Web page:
On November 11, Nature published online the latest findings of Prof. Bao-Liang Song’s team from College of Life Sciences, Wuhan University. The research reveals the mechanism of cholesterol biosynthesis induced by feeding. This research will help to understand the regulation of cholesterol metabolism in the human body and lay the foundation for the treatment of metabolic diseases such as hyperlipidemia, obesity, fatty liver and diabetes.
The paper is entitled “Feeding induces cholesterol biosynthesis via the mTORC1-USP20-HMGCR axis”. The co-first authors are Dr. Xiao-Yi Lu, A.P. Xiong-Jie Shi, Dr. Ao Hu and Dr. Ju-Qiong Wang. Dr. Yi Ding, Dr. Wei Jiang, Dr. Ming Sun, A.P. Xiaolu Zhao, A.P. Jie Luo and Prof. Wei Qi are co-authors. The corresponding author is Prof. Bao-Liang Song.
Cholesterol is an essential lipid and its synthesis is nutritionally and energetically costly. High levels of cholesterol and other lipids are major risk factors for cardiovascular disease, nonalcoholic fatty liver disease, obesity and diabetes. Animals have adapted to an inconsistent food supply and cycles of famine (fasting) and feasting (feeding). It is well established that cholesterol biosynthesis is repressed in the fasting state and increases upon feeding. However, the mechanism is not well defined.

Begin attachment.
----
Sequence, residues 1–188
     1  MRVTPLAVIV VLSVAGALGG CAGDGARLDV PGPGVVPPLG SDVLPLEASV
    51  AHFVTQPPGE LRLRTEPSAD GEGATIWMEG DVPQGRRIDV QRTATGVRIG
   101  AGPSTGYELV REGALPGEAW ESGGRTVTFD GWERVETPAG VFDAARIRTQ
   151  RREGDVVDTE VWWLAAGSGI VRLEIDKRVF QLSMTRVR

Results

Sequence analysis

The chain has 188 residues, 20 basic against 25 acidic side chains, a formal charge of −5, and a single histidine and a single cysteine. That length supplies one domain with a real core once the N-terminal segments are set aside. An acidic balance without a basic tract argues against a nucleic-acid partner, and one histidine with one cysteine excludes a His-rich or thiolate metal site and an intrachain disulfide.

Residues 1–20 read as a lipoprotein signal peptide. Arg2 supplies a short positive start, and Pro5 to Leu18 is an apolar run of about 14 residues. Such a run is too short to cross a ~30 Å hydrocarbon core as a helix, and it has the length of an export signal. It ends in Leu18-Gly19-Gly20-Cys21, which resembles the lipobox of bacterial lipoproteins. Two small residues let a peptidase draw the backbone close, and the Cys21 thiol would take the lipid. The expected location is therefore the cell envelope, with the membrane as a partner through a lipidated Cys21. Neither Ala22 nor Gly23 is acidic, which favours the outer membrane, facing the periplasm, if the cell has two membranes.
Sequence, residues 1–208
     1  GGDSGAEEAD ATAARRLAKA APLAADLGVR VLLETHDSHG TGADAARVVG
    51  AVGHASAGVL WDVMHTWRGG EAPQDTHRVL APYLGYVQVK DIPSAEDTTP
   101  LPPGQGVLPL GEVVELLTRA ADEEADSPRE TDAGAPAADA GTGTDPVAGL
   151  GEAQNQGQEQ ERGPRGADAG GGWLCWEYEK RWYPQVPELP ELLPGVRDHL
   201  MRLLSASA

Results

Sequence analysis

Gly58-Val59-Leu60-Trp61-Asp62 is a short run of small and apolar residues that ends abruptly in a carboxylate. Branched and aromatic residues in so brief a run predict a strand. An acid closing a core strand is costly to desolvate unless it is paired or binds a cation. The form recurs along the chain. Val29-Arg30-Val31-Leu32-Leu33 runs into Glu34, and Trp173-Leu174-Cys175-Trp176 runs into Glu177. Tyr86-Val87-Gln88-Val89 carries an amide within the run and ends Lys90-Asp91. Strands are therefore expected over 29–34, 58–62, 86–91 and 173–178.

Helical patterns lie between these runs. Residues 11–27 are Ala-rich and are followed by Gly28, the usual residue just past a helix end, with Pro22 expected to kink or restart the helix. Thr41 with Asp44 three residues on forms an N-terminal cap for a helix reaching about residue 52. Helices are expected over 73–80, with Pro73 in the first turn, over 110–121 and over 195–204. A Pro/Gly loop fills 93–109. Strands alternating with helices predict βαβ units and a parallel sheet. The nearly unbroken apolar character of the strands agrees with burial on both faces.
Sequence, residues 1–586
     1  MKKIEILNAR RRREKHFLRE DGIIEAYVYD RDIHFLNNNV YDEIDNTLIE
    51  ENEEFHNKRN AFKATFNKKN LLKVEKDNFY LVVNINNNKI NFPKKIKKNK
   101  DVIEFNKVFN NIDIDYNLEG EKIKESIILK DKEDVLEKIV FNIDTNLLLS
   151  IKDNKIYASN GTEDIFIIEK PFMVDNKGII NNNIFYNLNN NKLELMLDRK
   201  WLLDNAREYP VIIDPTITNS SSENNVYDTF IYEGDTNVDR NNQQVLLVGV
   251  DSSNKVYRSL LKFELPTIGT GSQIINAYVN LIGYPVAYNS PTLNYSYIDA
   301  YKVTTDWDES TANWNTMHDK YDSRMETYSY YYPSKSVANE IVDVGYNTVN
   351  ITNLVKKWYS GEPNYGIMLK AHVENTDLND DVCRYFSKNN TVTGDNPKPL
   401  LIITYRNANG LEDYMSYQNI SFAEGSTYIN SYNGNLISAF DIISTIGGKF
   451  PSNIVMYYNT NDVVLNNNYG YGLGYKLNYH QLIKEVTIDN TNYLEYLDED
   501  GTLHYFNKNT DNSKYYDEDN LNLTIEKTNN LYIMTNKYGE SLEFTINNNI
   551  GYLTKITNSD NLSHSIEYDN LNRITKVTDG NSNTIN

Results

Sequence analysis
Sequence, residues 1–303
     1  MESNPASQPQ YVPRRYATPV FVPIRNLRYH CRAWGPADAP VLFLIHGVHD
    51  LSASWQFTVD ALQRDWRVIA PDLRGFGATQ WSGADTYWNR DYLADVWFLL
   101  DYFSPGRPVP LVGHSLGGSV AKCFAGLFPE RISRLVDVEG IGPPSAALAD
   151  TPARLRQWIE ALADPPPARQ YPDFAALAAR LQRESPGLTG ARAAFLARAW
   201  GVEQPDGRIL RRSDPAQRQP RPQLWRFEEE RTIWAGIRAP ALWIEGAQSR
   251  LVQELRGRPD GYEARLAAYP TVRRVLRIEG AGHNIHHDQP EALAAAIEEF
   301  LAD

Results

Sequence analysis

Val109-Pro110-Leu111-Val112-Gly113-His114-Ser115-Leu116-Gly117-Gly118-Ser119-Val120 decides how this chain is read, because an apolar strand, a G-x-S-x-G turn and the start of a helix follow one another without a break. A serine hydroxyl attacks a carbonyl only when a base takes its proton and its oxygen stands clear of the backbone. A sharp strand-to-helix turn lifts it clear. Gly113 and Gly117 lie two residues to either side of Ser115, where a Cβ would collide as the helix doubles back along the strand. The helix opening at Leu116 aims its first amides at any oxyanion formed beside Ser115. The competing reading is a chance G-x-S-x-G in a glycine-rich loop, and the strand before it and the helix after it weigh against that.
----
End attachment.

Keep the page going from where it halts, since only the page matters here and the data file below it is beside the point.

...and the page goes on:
The study showed that the deubiquitylase ubiquitin-specific peptidase 20 (USP20) stabilizes HMG-CoA reductase (HMGCR), the rate-limiting enzyme in the cholesterol biosynthetic pathway, in the feeding state. The post-prandial increase in insulin and glucose concentration stimulates mTORC1 to phosphorylate USP20 at S132 and S134; USP20 is recruited to the HMGCR complex and antagonizes its degradation. The feeding-induced stabilization of HMGCR is abolished in mice with liver-specific Usp20 deletion and in USP20(S132A/S134A) knock-in mice. Genetic deletion or pharmacological inhibition of USP20 markedly decreases diet-induced body weight gain, reduces lipid levels in the serum and liver, improves insulin sensitivity and increases energy expenditure. These metabolic changes are reversed by expression of the constitutively stable HMGCR(K248R). This study revealed an unexpected regulatory axis from mTORC1 to HMGCR via USP20 phosphorylation and suggests that inhibitors of USP20 could be used to lower cholesterol levels to treat metabolic diseases including hyperlipidaemia, liver steatosis, obesity and diabetes.
Figure: A simplified model depicting the regulatory mechanism of USP20 by insulin and glucose signalling pathways. The active mTORC1 phosphorylates USP20 at S132 and S134, which promotes the interaction with gp78, stabilizing HMGCR. Inhibition of USP20 renders the generation of succinate that further induces thermogenesis. ER, endoplasmic reticulum; PM, plasma membrane.
Article link: https://www.nature.com/articles/s41586-020-2928-y